what kind of tire are you looking for? one that looks vintage or one that is just balls out all handleing?
Coker makes reproduction vintage tires which make the look of a vintage bike but I wouldn't ride hard on any of them, even though it is new rubber technology it is still a old tire design. Althouhg I like them and see a lot of old skool choppers guys using the firestones, I reguard them as showground rim protectors.
Stay away from kenda, cheng shin, or any other brand that you have never heard of. They are cheap tires and you get what you pay for. I might as well take a long greasy shit and wrap it around the rim because thay is what they feel like. I had cheng shins on my 79 cb750F and I can't tell you how many times I smeared turns on the street because the tire couldn't keep up.
The three that I have used and continue to use are metzler, Avon, and Contenentals and I recommend all of them.
The metzler lazer I use on my daily rider 75 cb750. I have abused thse tires in manhattan traffic, psuedo off roading (if you count curb hopping and riding through construction sites off roading), performance riding, and touring and they are awsome. They don't look out of place on an old bike because they have a vintage looking tread design, and they have lots of grip of you bed them in right. My front tire has lasted me 5 years of hard riding and the rear lasted 3 (I have to put a new rear on again, all in all Id say they lasted probably 15K). Commuting takes its toll on a bike and my rear has lots of sidewall meat but there have been times where I have had to overinflate them to carry heavier loads, stupidly done burnouts, or just the highway running has wiped out the center rain groove. I am still riding on it but the tire doesn't have the awsome wet weather grip it once did. I have locked them up on occasion but it was difficult. This is the tire I really like for urban bikes.
The avon roadrunner I have on my 79 cb750F and my t500. This is a really nice high perf tire for older bikes. The tread is really like a sport bike tire and it too has awsome grip. It takes a little longer to really break them in but once they are broken in they are really confidence inspiring. They don't have great wet weather grip but it is good. I have about 3K miles on avons and they wear nice and even but I don't think they are probably only good for 7-10K if you take care of them (proper inflation, etc). they are definalty harder to lock up than the metzlers and really get the bike slowed too. This is the tire I really like when I am pretending to be freddie spencer during his honda years.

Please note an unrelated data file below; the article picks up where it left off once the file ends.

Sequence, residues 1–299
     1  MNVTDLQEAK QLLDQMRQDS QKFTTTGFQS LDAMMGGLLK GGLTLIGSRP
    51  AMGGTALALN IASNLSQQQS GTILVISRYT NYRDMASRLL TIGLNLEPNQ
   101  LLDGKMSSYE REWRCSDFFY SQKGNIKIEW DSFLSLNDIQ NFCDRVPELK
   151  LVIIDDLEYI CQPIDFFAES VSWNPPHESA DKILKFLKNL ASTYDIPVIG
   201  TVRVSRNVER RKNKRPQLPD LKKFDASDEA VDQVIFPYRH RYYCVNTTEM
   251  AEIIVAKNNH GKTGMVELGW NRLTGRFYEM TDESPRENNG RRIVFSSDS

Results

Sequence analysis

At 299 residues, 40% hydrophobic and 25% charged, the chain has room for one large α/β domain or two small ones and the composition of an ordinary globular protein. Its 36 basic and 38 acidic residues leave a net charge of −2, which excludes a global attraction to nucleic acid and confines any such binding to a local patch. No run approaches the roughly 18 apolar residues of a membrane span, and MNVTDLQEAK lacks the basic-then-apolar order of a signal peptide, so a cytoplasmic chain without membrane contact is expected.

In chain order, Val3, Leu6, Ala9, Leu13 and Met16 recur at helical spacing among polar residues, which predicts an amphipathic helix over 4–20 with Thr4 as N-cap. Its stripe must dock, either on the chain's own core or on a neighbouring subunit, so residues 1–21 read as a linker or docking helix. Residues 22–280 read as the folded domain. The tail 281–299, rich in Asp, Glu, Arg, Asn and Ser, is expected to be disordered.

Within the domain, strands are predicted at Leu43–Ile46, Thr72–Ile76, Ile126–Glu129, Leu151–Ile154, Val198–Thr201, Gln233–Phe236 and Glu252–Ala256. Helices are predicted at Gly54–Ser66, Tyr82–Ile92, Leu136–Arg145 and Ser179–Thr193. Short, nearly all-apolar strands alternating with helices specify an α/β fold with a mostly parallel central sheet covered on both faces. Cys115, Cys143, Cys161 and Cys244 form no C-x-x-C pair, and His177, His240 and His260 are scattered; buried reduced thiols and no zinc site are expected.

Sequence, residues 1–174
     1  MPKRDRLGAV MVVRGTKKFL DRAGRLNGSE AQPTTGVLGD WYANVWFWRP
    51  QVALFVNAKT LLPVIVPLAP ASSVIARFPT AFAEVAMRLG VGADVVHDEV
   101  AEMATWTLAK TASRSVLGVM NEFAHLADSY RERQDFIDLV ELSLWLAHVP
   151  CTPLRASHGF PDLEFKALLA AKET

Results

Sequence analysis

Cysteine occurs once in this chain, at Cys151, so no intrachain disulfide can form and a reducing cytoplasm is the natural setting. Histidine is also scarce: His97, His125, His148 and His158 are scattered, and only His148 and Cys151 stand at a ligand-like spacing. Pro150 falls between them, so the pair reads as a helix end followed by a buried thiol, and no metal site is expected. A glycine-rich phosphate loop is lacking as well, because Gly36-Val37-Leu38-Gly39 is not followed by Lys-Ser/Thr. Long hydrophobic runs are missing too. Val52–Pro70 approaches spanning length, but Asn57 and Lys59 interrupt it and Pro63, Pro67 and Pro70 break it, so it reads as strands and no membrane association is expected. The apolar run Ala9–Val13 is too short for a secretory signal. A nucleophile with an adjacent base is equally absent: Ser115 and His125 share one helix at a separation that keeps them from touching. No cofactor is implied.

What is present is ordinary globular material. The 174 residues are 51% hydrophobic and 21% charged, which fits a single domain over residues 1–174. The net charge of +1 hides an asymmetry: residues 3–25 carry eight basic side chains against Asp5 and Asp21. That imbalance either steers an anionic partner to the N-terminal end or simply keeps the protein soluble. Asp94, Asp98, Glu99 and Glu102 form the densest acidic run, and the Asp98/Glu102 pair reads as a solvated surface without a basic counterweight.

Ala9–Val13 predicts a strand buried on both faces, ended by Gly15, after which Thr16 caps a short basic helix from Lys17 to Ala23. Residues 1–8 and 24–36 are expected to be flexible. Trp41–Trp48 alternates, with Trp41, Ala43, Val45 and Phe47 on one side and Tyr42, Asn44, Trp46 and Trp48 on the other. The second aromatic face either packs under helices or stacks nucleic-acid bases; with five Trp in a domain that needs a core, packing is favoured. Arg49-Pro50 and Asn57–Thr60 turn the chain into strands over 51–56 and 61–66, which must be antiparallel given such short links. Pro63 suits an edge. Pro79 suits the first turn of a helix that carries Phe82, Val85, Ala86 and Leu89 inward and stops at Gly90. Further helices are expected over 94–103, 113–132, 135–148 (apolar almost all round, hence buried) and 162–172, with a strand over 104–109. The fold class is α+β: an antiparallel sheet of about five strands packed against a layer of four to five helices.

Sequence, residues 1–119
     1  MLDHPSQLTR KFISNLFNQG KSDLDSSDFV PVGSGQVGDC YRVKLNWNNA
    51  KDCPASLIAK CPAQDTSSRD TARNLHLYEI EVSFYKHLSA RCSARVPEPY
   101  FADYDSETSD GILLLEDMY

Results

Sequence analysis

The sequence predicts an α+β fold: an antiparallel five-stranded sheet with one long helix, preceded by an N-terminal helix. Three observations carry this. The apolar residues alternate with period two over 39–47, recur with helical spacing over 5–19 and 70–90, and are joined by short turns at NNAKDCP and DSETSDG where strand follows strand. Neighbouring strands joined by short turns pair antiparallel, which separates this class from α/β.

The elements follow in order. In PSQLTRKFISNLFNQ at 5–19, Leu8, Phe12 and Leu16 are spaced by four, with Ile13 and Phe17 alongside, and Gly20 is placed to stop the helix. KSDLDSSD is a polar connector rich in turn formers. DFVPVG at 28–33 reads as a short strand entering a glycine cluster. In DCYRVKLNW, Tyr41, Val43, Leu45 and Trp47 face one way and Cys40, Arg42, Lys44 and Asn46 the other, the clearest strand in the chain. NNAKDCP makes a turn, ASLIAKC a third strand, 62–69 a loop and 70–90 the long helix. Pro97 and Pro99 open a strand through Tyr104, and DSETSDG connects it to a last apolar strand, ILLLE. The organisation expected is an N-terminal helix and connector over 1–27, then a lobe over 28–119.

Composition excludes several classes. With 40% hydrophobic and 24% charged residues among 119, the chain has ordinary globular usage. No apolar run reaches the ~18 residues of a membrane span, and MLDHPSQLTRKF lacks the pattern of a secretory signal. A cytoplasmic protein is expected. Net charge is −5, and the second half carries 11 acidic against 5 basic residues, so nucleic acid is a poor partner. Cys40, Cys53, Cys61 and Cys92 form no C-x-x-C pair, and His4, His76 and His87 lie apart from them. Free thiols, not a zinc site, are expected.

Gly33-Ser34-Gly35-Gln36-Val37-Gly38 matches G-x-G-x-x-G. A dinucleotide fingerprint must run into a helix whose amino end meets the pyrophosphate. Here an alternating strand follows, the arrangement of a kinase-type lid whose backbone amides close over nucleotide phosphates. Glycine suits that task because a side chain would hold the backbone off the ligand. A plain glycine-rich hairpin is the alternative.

The Continental Challenger I didn't buy, they came on a bike I bought and they were in good shape. I was surprised by this tire. I have it on another honda and it is really good. usually cheaper than the metzler, I want to say it is as good in the looks and grip department as the metzler but I haven't abused this bike like the other cb750. I haven't had them that long so I can't speak to their wear either, but so far I like them. The Conti is a heck of a lot more inspiring than a kenda or a cheng shin, which is good. One thing I did notice about the conti's is that they howl when they get close to the edge, with the avon or metzlers when I locked them up it was either silence or full on squeal. With the conti's when I get close to the brake edge they howl which I like because then I know when the tire is going to slide.
I have heard a lot of mixed reviews of the bridgestone bt-45s. I have never owned a set but some guys think they are the cats arse and others think they suck. The guys that usually tell me they suck are mostly the crotch rocket guys if that helps. Personally I have never had a set, but bridgestone is a good manufacturer so I would trust them to make a good tire. A motorcycle tire is only as good as the rider and his/her style so I susepct that the bridgestone may work only with some riding styles and not with others.
Even though your tire is tubed, you can run a tubless outter tire (make sure it is still a bias ply if your tire is set up for it). It will be harder to mount the bead, but you will get less sidewall flex and a little better handeling tire. I have been told many times that you don't mount bias ply tires on rims designed for a radial and vice versa. I have no idea why but I follow it (baaaaa...baaaa...yeah I am a sheep).